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LifestyleColumnistsJessica Damiano

Using growing degree days to control Euonymus scale

Sooty mold on the dying leaves of a

Sooty mold on the dying leaves of a Euonymus plant can indicate an insect invasion. Photo Credit: Jim Martin

DEAR JESSICA: Do these spots on my euonymus look like trouble?

— Jim Martin,


DEAR JIM: Why, yes, in fact, those spots do look like trouble. They are the aftermath of an insect infestation.

Let’s backtrack: Your plant has been under attack by scale insects. You might not have noticed the white or brown specks ravaging your euonymus last summer because they tend to hide out on the undersides of leaves. But they also can cover twigs and branches. Those insects spent the better part of last year sucking the plant juices out of your plant’s leaves, which explains the dead, brown sections. And, as with all living things, what goes in must come out: Scale’s excrement is a sticky substance called honeydew, and it coats the plant’s leaves. But it gets worse: that honeydew is a perfect breeding ground for something called sooty mold — and those are the dark spots you’re seeing.

To eliminate the mold, you need to stop the honeydew, which means you need to eradicate the scale. Problem is, the female insects are overwintering on your plant’s stems and leaves as we speak, and they’re preparing to unleash a flurry of eggs in spring, which would start the cycle all over again.

Now would be a good time to inspect your plant and remove affected branches. Discard them by placing them in the trash, where they won’t be able to re-infest your shrubs. And be sure to rake up all plant debris from under and around plants. Next, you should apply a dormant horticultural oil. Timing is important, but I can’t tell you when to do it.

Let me explain: Temperature, which obviously varies from year to year, dictates the development and progression of the insect’s life cycle, so in order to attack scale at its most vulnerable stage, you’ll need to pay attention to the weather and spray your plant at between 35 and 120 growing degree days.

Growing degree days is a system used to determine precisely when different insects reach different stages of maturity. Because different stages of different pests are vulnerable to different control methods at different times, this is important to know.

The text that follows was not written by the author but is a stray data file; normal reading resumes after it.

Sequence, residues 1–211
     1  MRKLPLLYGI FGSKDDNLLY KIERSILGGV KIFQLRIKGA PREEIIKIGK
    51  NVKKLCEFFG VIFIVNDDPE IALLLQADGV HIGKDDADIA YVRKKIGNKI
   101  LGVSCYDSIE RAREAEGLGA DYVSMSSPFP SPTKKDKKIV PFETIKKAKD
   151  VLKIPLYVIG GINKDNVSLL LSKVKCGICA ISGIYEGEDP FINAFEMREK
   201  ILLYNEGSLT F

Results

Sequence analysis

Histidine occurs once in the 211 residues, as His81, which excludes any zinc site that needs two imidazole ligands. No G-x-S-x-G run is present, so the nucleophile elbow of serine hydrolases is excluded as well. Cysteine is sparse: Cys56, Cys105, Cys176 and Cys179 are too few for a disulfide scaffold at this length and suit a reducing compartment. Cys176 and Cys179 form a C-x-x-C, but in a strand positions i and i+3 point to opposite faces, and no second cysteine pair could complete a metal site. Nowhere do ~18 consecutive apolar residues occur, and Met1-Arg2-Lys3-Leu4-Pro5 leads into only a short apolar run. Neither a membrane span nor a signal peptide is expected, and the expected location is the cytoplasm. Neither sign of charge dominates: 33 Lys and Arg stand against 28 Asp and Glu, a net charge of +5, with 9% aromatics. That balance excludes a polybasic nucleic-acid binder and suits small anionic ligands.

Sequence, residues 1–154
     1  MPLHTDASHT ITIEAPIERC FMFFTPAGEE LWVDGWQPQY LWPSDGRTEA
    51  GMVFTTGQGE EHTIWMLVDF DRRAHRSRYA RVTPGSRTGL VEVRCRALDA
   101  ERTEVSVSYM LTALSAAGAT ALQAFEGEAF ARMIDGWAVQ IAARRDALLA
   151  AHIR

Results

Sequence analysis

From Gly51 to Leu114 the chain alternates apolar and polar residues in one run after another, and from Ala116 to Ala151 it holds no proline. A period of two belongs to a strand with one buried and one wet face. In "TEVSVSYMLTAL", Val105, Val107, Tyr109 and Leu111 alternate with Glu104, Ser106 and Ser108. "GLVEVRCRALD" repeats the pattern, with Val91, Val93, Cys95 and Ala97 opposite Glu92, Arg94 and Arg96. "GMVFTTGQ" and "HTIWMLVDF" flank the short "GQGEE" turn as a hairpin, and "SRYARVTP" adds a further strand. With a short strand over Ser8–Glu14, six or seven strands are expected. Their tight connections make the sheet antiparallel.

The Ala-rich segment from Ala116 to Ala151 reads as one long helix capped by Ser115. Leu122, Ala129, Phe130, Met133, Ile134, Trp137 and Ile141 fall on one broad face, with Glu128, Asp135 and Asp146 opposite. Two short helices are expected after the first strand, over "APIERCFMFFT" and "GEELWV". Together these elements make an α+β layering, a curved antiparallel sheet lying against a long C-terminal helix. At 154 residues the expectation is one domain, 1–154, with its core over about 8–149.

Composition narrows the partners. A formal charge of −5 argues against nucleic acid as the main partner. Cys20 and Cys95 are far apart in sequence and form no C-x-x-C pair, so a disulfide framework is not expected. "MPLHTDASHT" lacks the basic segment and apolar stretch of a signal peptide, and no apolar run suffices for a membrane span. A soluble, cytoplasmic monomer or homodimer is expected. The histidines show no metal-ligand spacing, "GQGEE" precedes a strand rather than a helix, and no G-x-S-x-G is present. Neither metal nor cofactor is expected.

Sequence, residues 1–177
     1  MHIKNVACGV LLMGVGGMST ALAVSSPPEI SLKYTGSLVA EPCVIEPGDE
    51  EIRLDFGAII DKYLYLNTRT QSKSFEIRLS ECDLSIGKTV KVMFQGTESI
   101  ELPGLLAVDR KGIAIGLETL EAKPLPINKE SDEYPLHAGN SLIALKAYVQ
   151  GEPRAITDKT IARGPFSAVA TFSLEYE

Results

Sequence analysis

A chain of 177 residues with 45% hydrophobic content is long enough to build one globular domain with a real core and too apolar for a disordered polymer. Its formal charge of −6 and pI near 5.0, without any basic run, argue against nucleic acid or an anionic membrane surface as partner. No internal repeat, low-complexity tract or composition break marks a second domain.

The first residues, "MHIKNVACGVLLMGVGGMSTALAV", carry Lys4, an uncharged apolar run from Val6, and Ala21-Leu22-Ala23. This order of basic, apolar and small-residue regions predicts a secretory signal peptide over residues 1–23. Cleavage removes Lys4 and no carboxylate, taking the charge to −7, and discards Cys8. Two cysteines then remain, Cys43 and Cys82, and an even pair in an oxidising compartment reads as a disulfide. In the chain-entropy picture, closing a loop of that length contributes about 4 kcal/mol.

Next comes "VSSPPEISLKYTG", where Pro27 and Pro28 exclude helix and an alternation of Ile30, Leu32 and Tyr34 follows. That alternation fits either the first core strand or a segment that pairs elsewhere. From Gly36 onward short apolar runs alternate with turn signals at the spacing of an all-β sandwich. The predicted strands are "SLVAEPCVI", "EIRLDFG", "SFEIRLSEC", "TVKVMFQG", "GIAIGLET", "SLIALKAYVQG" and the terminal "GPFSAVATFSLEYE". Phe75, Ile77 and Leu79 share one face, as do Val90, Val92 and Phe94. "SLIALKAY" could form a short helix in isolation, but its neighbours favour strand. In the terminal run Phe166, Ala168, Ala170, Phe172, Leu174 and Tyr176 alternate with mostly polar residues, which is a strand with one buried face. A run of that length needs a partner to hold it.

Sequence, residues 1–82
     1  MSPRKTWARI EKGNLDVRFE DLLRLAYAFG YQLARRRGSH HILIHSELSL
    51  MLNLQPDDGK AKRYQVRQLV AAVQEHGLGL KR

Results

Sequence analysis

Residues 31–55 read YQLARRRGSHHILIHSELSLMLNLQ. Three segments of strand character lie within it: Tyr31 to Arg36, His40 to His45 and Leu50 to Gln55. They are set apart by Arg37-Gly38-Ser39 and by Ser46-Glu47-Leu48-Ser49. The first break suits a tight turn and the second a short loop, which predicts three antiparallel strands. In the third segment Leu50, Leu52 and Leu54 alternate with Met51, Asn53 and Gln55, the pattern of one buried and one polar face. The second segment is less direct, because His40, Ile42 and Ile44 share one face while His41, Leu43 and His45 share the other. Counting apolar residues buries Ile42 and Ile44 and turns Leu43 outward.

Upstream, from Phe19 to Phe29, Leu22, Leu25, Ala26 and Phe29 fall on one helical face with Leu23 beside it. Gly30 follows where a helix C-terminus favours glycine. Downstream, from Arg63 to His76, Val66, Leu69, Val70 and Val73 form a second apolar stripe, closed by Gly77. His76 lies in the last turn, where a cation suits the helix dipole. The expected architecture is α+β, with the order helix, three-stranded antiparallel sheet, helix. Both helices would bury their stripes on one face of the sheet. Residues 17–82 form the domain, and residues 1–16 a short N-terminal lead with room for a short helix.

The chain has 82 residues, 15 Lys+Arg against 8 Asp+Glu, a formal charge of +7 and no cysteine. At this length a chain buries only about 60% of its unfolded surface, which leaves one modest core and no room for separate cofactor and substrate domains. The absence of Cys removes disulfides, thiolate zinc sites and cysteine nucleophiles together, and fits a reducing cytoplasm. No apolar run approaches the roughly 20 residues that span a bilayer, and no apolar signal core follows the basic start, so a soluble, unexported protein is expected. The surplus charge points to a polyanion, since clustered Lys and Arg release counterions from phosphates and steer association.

Here’s how it works: On March 1, the average daily temperature is recorded, and for each degree over 50, one point is assigned. On each subsequent day throughout the season, the number of degrees over 50 is added to a running tally. If the temperature is exactly 50 degrees or below 50, then the day is assigned a score of zero. So, for instance, if on March 1 the temperature was 53, the GDD on that day would be 3. If it was 60 on March 2, the GDD would be 3 plus 10, or 13. Let’s say that on March 3, the temperature was 49. That would add nothing, and our accumulated growing degree days would remain at 13.

The next thing you need to do is figure out what the GDD is today. But don’t panic, the Cornell Cooperative Extension of Suffolk County can help. They post an updated accumulated GDD report every day, and you can find it here: Find the town closest to yours and go with that score. When it reaches 35, you can apply your dormant oil, and you can do so on any day until the GDD hits 120. This window typically falls around mid-April.

Hopefully, that will do the trick, but if you see signs of the insects in early June, apply horticultural oil (not dormant oil) at that time and again in midsummer (no need to track days for the summer applications).

When applying liquid pesticides, do not use a hose-end sprayer, as it will not mix, dissolve or apply the product correctly. Instead, use a hand pump or a power sprayer.

DEAR JESSICA: Can you help me with my Endless Summer hydrangeas? If I ask 12 people when and how to trim them, I get 15 answers. When do I trim them and how much?

— Betsy Casser,

Port Washington

DEAR BETSY: Endless Summer hydrangeas are similar to Hydrangea macrophylla, except they bloom on both old and new growth, so they’re even easier. That means there isn’t really a bad time to prune them because if you remove buds during the growing season, plants will just make more. Technically, they don’t even need pruning unless stems are broken, dead or unruly, or if plants are overgrown.

In spring, you’ll want to remove dead stems left over from last year, but it’s best to wait until the plant leafs out and you can be sure of what’s actually dead versus what’s dormant.

When you prune overgrown or unruly mature plants, just remove weaker, misshapen or wayward stems from the base of the plant.

Reader Sheila Schroeder of Amityville won’t let a little snow and ice get in the way of fresh greens. “In winter when I can’t garden outdoors, I enjoy growing herbs for cooking, plus lettuce for salads in my hydroponic AeroGardens,” she said. Her dill, basil, sage and parsley, which she planted at the end of January on Tu B’Shevat in hopes of a Passover harvest, have achieved a nice size on her tabletop. No word, however, on how the lady bug grew so big.


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